Training hard is extremely important, but it’s just one component of an athlete’s regimen. The latest, greatest, most carefully structured training routine still won’t deliver those results you’re chasing without a balanced, nutritious diet!

The food you eat today fuels tomorrow’s training session and allows your body to recover from today’s hard work. While there are endless variations of eating styles, every athlete’s daily diet should aim to include the right balance of lean proteins, nutritious carbohydrates, healthy fats, and produce.

Protein: The Building Block

The importance of protein for athletes cannot be understated; indeed, protein is the nutrient that most athletes tend to focus on first! Protein is made of amino acids, which function in the body as building blocks that are used for virtually everything – muscle growth and repair, digestive and immune system function, hormone production, and so much more. Adequate protein intake is absolutely vital to your body’s ability to physically adapt to the stresses exerted by your training regimen. As a result of these adaptations, your body becomes stronger, faster, leaner, or any other goals you’re working towards.

To maximize the benefit of protein in your diet, opt for nutritious, lean proteins such as lean meat and poultry; low- or nonfat dairy; eggs; plant protein sources such as soy, nuts, beans, and legumes; and protein supplements if needed. In addition, try to space out your protein consumption throughout the day to improve nutrient uptake; eat some protein with each meal and snack, rather than in one or two large servings.

Carbohydrates: The Fuel

Carbs are the body and brain’s preferred source of fuel, and they’re essential to both the quality of athletic performance and the body’s capacity to recover from intense exercise. Carbohydrates can be further classified as sugar (simple carbohydrates), starch (complex carbohydrates), and fiber.

During the digestion process, all carbohydrates break down to a simple sugar called glucose. Glucose is converted into glycogen, which your body uses as fuel for movement, especially during high-intensity exercise such as sprinting, explosive movement, and combat sports training. Your brain also relies on glucose for energy, so it’s important to fuel yourself with high-quality, nutrient-dense carbohydrates to perform at your peak and stay mentally sharp!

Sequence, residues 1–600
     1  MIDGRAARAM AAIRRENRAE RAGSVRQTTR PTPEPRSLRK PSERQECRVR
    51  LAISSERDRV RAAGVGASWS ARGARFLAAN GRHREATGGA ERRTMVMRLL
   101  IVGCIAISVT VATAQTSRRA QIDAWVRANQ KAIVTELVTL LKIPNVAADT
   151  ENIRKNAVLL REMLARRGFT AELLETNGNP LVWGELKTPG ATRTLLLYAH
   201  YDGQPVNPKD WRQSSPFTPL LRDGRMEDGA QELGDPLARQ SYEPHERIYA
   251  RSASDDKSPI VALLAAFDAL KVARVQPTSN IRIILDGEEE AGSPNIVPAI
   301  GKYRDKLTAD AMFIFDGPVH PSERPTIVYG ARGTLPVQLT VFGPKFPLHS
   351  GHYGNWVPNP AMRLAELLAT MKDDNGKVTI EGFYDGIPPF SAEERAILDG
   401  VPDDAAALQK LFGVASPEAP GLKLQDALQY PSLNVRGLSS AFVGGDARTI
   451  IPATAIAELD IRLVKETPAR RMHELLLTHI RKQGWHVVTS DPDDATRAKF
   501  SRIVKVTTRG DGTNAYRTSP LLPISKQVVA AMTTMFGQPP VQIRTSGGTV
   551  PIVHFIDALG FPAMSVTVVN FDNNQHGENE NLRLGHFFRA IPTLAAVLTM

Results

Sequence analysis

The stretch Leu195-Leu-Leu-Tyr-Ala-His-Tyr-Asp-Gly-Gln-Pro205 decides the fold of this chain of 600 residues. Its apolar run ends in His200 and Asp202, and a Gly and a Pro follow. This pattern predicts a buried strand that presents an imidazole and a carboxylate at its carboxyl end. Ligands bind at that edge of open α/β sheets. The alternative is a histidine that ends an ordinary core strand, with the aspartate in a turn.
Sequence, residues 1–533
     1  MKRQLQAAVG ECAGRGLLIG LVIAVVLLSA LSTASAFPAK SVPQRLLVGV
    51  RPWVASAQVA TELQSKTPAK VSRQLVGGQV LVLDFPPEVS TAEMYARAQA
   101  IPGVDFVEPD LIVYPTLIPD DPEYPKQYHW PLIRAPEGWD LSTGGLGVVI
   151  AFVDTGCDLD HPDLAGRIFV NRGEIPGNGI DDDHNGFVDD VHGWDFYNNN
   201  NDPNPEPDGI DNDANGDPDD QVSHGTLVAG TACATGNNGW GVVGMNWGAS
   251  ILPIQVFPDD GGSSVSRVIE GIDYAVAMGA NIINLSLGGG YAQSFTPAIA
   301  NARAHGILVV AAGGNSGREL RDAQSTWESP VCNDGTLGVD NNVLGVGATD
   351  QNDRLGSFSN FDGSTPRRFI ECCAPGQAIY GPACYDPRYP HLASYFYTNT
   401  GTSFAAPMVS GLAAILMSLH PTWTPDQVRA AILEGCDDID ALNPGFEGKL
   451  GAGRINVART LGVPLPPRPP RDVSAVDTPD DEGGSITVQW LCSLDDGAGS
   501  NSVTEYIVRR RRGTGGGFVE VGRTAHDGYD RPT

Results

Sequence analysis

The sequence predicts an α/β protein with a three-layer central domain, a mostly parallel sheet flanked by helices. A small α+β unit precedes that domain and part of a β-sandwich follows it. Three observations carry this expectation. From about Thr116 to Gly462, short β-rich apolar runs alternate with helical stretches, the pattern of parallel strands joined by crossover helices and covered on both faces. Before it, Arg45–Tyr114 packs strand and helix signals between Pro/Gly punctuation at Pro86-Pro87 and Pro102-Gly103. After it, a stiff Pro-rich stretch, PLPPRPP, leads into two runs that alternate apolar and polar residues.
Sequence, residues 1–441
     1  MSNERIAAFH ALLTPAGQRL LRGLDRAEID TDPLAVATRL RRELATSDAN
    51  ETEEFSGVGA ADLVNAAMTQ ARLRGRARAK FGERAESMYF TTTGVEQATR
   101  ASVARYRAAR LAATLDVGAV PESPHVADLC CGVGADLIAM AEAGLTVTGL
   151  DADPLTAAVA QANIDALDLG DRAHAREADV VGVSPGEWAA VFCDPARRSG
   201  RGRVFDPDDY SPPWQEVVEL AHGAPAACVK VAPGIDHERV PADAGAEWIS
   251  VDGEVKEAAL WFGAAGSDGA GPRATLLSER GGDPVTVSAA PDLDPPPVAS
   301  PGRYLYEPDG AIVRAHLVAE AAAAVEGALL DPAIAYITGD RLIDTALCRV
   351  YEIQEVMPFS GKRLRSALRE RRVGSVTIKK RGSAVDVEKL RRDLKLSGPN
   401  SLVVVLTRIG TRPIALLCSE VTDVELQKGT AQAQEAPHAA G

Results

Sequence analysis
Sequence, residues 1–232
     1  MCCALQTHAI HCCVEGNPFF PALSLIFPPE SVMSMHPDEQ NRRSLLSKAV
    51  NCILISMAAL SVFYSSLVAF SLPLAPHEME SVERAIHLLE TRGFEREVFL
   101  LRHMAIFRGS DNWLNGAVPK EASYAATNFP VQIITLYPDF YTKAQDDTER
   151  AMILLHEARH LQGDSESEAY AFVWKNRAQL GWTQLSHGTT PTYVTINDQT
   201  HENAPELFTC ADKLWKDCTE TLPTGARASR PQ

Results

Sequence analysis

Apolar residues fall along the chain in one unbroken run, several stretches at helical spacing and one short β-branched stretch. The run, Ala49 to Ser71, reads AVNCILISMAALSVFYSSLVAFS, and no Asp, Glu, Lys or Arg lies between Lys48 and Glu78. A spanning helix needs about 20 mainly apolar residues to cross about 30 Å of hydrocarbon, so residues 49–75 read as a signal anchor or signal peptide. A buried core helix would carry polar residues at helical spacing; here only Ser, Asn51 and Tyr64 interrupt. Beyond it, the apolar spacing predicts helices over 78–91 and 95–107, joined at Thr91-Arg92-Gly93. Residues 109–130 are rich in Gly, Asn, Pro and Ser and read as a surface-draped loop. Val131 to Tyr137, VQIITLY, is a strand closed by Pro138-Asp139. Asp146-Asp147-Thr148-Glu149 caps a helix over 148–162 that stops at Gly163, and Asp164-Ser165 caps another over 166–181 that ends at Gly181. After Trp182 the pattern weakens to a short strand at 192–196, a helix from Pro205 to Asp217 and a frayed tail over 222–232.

Nutritious carbohydrate sources for athletes include whole grains (rice, oats, and whole grain breads); starchy foods (potatoes, beans, and squash), and fruits like bananas and apples. In addition to incorporating a moderate serving of carbohydrates in your meals and snacks, also try to eat some quick-digesting carbohydrates (like fruit) before your training session, as well as immediately afterwards to help your muscles replenish glycogen stores.

Fat: The Protector

Dietary fat is a high-energy nutrient that is also essential for the absorption of many vitamins and minerals, used in the body’s production of hormones, and helps protect vital organs. Fat can be found in foods from both plant-based and animal-based sources, and should generally be consumed in moderate amounts as a part of each balanced meal. Dietary fat aids in the recovery process by promoting hormonal balance during rest periods, which allows for greater physical adaptation to the stresses of training.

Nuts and nut butters, seeds, avocados, olive oil and plant oils, and fatty fish are among the most highly recommended sources of dietary fats for athletes because these provide unsaturated fats, which contribute to heart health and fight inflammation. Fatty meats and high-fat dairy, like butter and cheese, tend to be very high in saturated fat, which is not converted to energy as easily and can also contribute to cardiovascular disease.

Fruits & Vegetables: The Nutrient Powerhouse

In addition to providing fiber, water, and some carbohydrates, fruits and vegetables also contain a vast array of micronutrients that contribute to athletic performance and recovery. These are vitamins, minerals, and antioxidants that help the body repair damage, improve muscle contraction, and fight illness and infection. Everyone – not just athletes – should aim to include at least one serving of produce in every meal, as well as incorporate fruits and vegetables into snack choices. 

Apples, bananas, berries, and citrus fruits are just a few examples of great fruit choices for athletes, as they provide natural sugars for quick energy in addition to plenty of important micronutrients. 

Dark leafy greens (like kale and spinach), starchy produce (such as squash and root vegetables), cruciferous vegetables (broccoli, cauliflower, Brussels sprouts), celery, peppers, onions (and so much more!) can help you add bulk, flavor, and powerful nutrients to your meals.

This article is part of our April blog series on athletic performance and recovery. Follow along with us as we explore how Nutrition, Hydration, Stretching, and Rest all contribute to improved recovery for athletes!